Philosophical Musings of Music in Persia in Early Islamic Era

  November 17, 2020   Read time 2 min
Philosophical Musings of Music in Persia in Early Islamic Era
Persia is the capital of Islamic philosophy in one sense and many philosophical schools have hailed from this country. The rich tradition of philosophical thinking of music in Persia has added to the complications of musical discourse in Iran.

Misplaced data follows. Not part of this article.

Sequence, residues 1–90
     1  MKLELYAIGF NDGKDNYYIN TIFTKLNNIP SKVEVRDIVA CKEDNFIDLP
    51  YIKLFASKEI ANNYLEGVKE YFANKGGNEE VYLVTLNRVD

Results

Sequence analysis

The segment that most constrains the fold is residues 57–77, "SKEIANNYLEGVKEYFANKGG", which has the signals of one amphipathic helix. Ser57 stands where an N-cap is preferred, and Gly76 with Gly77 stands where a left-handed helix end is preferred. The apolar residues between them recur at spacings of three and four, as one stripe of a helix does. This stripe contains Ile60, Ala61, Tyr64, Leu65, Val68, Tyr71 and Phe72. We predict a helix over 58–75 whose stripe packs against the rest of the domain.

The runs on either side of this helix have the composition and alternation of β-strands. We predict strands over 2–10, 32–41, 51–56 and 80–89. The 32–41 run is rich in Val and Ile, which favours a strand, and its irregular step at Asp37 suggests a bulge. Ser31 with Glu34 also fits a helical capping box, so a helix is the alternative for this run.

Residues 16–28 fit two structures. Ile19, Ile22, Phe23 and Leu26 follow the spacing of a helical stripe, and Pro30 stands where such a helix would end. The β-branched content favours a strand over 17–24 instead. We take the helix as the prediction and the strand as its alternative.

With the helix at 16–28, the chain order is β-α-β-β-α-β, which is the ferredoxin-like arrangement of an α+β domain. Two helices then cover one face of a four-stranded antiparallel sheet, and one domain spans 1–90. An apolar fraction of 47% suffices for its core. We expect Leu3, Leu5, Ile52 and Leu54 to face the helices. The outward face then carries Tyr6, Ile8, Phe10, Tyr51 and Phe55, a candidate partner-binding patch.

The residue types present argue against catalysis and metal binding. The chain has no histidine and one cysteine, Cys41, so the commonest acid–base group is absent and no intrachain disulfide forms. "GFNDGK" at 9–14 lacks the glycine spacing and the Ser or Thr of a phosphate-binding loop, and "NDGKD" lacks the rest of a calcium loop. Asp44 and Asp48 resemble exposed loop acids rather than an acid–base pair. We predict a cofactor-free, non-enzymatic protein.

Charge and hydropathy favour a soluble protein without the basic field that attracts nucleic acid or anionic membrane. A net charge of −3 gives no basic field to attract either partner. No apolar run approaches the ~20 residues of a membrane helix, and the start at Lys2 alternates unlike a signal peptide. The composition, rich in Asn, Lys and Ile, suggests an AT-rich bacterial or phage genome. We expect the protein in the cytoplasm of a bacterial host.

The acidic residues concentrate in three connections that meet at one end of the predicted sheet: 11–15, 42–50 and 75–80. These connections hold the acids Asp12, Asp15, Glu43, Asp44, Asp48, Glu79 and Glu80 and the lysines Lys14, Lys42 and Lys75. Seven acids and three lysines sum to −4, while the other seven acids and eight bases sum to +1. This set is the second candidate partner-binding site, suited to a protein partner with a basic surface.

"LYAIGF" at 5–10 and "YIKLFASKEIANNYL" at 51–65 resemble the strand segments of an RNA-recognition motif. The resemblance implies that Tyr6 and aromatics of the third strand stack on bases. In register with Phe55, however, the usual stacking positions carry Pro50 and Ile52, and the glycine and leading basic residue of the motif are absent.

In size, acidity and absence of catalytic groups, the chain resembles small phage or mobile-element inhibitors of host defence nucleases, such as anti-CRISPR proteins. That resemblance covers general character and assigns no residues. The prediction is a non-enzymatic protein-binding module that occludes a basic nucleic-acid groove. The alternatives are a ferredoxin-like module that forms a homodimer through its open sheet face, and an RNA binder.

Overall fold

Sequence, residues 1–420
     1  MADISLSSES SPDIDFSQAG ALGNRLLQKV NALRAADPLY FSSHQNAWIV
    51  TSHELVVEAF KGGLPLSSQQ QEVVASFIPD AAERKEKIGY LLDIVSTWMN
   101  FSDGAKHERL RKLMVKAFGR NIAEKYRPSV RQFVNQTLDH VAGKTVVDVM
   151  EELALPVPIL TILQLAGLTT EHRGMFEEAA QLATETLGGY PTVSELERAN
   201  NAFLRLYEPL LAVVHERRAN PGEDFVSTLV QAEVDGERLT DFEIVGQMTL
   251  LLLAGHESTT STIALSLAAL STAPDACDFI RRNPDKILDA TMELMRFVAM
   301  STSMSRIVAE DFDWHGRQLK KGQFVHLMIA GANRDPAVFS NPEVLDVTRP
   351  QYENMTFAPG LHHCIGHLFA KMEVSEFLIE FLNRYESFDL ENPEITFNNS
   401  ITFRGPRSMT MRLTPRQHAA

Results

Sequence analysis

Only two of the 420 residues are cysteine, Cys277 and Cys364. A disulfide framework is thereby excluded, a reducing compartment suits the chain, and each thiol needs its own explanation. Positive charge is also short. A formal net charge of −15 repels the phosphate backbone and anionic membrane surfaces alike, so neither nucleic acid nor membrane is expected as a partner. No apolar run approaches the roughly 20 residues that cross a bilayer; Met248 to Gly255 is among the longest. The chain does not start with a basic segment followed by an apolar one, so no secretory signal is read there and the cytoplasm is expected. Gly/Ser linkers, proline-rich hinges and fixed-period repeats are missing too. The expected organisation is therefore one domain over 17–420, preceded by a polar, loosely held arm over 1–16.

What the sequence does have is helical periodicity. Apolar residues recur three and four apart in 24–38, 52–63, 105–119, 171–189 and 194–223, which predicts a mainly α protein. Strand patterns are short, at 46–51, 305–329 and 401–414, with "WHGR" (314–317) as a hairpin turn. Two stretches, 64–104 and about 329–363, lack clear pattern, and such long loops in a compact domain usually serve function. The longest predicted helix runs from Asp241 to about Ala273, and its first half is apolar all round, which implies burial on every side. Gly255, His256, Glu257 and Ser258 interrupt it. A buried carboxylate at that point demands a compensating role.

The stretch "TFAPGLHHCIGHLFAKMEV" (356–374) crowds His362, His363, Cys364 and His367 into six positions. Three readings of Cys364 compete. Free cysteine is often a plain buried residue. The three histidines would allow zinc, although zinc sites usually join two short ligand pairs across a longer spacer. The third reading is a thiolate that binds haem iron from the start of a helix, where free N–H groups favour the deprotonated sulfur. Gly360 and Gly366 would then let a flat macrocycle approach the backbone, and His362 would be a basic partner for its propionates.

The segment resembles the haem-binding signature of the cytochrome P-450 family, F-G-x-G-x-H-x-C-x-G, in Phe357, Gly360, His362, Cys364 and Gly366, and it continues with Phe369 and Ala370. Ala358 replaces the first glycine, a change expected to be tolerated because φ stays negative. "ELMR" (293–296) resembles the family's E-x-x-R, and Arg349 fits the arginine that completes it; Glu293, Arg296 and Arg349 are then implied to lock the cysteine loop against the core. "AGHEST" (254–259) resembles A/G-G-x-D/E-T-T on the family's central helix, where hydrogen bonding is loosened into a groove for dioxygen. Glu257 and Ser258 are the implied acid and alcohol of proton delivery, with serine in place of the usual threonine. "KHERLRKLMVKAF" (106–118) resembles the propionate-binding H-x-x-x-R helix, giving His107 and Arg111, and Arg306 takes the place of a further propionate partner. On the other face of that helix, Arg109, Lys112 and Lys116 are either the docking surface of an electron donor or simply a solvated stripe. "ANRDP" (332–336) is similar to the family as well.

The first of the leading Islamic music theorists, founder of the school of "philosopher scientists," is the Arab al-Kindi (ca. 801-866). Only four of his seven reported treatises have survived, and one of these contains the first musical notation found in Arab sources. Al-Farabi, known in Europe as Alpharabius, was born at Wasij, Faiab, in the province of Transoxiana (now the area east of theCaspian Sea in the Soviet Union). He completed his studies in Baghdad and resided in Aleppo from 941 until his death in 950. Like many philosophers of the time, al-Farabi lived the life of a Sufi. His writings cover many fields of thought, including politics ; and for his work in defining and systematizing the science of his day, he is called the "second master," Aristotle being considered the "first master." During the twelfth century, many works of al-Farabi, translated into Latin, were used in European universities. Among his several works on music, the greatest is the Kitab al musiqi al Kabir (Grand Book on Music) in which he discusses every known aspect of music. Unlike most philosophers of the period, who spent a good portion of their lives in the Abbasid capital, the greatest of them did not work at Baghdad but spent most of his life in Persia. Ibn Sina (Avicenna, 980-1037) was born in Central Asia, traveled across Khorassan in eastern Iran, and lived in Ray, which is near Tehran, and then in Esfahan. He died in the city of Hamadan in western Iran, where his tomb may be visited today. During his lifetime he was most famous as a doctor, but also spent time in political life. A recent study of Ibn Sina reports that his extant writings, which number close to two hundred fifty, deal with every subject known to the medieval world—logic, psychology, cosmology, metaphysics, meteorology, zoology, geology, and medicine. Comprising a very small part of this corpus, his writings on music are found in the al Shifa (Book of the Remedy) and the Najat (Book of Deliverance). Unlike al-Farabi, Ibn Sina was not a practical musician, and more information on the practice of eleventh-century music is contained in the writings of his contemporary Ibn Zaila (d. 1048) (Source: Classic Persian Music).

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